Love it or hate it, Twitter plays a major role in the current media landscape. It is an addictive social media platform that would start in March of 2006 out of the San Francisco digital innovation hub, offering an alternative to the Facebook behemoth.
Simple by design and easy to use, this is a site that would go on to create controversy, influence presidential elections, broadcast uprisings in the Middle East and pave the way for how individuals communicated with one and other. Before long the 140-character limit would be dismantled with 280 characters introduced in late 2017.
Of all the demographics that have utilized this app in one shape or form, it is journalists and reporters who have found value with it. It has allowed them to break out of their conventional medium and expand their audience while they undertake their work.
One of the most attractive features of using the Twitter app is that it is the best utility to document an event in real time not recorded on video. Even with the likes of IG Live and Facebook streaming, there are often lag periods where press conferences are still being set up or questions asked without any audio.
This is a means for reporters to broadcast to their followers and the world what is being said or what is being done at that specific time. Unfortunately there is no edit button, so those typos either remain on the record or the entire tweet has to be deleted.
The good news for journalists who want to engage on Twitter is that they don’t have to pay anything for the privilege. Reporters can invest a lot of money to improve their own image and build an audience from scratch, but like all quality social media sites, there is a $0 entry fee that allows them to start an account immediately.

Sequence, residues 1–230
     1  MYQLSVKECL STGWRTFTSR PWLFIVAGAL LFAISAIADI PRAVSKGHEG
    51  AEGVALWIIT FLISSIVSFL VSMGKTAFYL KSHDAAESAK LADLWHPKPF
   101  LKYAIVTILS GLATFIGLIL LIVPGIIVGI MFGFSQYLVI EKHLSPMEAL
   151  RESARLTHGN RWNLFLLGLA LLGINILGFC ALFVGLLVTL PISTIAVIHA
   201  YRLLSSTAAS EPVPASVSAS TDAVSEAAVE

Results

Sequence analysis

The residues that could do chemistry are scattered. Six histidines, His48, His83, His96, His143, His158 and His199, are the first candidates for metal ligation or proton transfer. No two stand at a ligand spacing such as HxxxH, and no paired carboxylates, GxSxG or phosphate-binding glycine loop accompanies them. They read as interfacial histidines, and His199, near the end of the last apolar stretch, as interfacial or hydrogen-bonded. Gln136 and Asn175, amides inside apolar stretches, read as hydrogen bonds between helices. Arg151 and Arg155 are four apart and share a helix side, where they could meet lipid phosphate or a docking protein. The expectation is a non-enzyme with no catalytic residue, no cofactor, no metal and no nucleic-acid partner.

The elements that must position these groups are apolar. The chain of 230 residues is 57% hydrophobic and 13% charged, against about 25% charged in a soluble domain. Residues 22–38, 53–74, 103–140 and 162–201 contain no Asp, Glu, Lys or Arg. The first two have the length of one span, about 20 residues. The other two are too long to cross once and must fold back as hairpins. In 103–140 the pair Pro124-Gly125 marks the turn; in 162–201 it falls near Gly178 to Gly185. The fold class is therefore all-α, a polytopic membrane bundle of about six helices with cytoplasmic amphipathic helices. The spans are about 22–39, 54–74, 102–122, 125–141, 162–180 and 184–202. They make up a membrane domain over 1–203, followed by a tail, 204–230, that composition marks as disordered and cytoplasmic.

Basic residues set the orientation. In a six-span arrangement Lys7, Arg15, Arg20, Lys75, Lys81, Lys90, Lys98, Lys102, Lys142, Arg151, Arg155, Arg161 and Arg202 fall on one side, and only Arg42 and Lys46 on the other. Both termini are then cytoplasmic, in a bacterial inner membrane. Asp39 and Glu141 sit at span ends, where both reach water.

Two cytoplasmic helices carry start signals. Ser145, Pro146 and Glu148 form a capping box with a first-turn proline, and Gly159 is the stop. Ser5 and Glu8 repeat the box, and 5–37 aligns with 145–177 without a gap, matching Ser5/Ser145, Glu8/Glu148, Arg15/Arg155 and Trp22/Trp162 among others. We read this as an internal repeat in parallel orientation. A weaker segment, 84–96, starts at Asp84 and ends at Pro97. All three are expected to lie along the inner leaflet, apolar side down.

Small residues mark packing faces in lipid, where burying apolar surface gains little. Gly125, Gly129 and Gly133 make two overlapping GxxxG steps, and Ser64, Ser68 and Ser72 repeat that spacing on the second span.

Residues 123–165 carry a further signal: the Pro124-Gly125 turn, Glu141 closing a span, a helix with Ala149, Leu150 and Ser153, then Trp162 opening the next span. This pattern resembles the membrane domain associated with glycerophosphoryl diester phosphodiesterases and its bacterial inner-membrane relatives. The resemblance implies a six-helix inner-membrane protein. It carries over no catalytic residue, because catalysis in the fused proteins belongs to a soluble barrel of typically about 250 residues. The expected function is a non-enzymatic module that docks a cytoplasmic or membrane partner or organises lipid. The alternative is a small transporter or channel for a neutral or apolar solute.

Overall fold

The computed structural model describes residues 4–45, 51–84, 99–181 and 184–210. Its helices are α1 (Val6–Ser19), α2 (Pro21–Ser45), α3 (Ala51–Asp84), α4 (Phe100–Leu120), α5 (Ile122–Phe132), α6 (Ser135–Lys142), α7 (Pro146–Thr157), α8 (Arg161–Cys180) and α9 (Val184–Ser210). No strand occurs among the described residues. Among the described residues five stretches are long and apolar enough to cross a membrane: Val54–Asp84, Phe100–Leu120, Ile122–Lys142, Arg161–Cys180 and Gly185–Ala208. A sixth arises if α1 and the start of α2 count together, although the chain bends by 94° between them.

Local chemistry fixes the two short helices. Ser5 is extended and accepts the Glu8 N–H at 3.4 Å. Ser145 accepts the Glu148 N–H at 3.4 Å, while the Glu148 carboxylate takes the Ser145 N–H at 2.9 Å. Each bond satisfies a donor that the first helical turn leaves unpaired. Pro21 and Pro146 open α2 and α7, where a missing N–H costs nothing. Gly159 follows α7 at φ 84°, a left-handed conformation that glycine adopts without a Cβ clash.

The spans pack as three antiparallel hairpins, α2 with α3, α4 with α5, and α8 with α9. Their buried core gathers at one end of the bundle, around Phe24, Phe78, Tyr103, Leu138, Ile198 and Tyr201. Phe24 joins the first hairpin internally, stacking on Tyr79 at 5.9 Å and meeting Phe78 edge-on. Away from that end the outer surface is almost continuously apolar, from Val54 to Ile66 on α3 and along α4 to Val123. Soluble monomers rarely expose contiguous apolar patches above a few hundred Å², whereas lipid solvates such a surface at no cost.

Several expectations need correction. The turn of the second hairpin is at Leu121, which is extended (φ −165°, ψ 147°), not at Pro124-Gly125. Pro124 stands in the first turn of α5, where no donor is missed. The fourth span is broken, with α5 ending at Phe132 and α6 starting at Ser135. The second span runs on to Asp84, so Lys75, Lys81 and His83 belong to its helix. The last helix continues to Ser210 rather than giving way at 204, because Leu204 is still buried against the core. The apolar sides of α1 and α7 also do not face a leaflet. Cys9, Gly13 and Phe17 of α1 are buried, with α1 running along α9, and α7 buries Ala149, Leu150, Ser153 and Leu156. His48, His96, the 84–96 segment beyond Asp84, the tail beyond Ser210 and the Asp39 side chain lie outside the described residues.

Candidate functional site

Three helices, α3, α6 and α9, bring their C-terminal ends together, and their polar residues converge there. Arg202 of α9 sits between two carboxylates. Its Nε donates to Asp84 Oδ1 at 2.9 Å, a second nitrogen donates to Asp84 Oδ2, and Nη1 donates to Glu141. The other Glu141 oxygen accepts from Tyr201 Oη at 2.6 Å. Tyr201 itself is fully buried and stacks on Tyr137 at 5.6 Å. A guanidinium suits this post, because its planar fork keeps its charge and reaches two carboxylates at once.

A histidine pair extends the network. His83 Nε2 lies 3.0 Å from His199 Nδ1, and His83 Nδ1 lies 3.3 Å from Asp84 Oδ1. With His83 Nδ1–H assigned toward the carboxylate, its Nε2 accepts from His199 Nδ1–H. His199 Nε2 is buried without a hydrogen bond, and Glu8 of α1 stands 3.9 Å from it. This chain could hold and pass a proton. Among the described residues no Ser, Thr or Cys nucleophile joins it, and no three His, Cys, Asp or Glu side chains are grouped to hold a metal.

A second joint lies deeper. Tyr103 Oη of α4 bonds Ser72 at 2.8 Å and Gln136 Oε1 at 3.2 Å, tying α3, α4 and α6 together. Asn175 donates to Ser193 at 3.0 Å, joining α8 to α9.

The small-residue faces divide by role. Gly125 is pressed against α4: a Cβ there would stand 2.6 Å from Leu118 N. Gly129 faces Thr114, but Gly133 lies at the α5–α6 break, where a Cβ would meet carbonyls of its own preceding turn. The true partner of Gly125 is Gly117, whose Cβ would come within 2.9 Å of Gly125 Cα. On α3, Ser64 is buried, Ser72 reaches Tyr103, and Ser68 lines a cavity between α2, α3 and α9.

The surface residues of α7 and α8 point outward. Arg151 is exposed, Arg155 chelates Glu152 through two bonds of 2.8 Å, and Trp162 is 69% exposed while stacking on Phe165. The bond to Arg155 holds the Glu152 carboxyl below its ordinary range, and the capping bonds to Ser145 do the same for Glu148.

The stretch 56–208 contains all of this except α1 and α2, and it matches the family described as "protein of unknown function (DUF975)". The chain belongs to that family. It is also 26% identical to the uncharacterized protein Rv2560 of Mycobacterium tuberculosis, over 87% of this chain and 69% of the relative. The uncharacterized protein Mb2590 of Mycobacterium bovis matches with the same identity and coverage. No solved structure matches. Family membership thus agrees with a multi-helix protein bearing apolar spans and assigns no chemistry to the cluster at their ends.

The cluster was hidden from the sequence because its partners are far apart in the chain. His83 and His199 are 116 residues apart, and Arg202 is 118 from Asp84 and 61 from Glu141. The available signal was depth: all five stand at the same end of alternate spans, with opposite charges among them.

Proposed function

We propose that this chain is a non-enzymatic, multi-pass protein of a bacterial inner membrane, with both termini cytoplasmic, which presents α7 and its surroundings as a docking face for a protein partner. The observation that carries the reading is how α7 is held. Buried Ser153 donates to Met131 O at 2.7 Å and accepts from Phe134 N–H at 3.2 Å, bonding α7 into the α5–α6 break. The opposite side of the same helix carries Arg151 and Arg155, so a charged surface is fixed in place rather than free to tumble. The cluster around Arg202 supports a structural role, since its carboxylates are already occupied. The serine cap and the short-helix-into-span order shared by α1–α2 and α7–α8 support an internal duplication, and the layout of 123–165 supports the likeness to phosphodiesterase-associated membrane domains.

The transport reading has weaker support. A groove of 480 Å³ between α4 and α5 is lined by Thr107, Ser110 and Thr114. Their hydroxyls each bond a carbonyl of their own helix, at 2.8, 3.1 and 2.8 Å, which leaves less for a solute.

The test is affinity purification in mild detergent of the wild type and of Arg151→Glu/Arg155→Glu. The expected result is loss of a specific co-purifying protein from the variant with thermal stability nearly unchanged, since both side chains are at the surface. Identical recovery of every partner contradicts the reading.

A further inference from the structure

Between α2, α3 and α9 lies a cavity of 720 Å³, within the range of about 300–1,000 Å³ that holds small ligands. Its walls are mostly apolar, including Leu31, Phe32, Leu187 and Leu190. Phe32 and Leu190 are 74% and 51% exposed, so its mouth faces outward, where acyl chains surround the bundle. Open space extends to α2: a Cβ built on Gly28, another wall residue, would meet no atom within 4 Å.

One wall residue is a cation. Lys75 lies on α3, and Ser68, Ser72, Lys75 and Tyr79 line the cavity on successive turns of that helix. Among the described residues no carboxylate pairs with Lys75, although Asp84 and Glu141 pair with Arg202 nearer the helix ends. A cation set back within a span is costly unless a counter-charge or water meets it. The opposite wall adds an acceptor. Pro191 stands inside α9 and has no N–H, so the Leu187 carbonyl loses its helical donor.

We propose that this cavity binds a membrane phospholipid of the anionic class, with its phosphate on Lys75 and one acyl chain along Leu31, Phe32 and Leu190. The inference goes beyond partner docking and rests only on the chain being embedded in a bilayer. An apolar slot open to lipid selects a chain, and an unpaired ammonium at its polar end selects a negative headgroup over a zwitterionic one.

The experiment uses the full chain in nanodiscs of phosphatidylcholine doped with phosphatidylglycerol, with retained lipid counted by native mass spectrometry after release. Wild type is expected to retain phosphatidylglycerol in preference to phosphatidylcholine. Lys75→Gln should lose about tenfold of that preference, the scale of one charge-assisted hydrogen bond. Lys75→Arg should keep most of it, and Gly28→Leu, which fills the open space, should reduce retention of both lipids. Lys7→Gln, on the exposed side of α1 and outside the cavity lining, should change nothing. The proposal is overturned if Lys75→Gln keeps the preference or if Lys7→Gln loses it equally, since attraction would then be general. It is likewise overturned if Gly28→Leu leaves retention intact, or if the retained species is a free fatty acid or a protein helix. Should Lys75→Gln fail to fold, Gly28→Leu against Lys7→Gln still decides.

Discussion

A key feature that makes Twitter an enticing prospect for reporters is that tweets are published unfiltered. Although subjects of these tweets might still lodge legal action if they believe they are liable for slander or defamation, or if the content of the tweets violate their terms and conditions, then they will be uploaded in real time.
Building a niche with a unique audience is where Twitter really stands out as a major asset for modern reporters. It is a method of ensuring job security for those who have established a rapport with their following, giving them leverage for future job applications if they happen to surpass the 5,000, 10,000, 100,000 or 1 million mark. The job title and employer might change, but the audience will stay the same.
Journalists are like many other types of content creators when it comes to achieving exposure to the outside world. Once they manage to utilize Twitter to cover an interview, an event or detail some insider information through protected sources, that single tweet or tweet thread can go viral. It won’t be restricted by the in-built support for their publisher, their website or their broadcast outlet.
There are certainly moments where Twitter will carry an unedifying reputation as a social media platform. Without the lighthearted fun brought about by TikTok or the beautiful imagery of Instagram, it can be a utility that adversely impacts on the mental health of communities if consumed too rigorously.
With all of those talking points being explored, it is a central asset for reports and journalists who are providing essential information as it happens and where it happens. It offers independence for those that don’t want to be tied down by their employer, gives them the chance to build a brand and ensure that their audience receives critical insights when they are made aware of them.